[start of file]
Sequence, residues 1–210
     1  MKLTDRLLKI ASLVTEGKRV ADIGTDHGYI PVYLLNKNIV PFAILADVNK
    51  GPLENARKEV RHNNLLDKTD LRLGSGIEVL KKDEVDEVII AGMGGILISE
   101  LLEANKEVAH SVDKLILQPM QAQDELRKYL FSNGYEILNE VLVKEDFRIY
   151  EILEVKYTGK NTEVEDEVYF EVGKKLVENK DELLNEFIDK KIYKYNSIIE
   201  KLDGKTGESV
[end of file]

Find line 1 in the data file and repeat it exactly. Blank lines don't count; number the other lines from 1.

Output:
Sequence, residues 1–210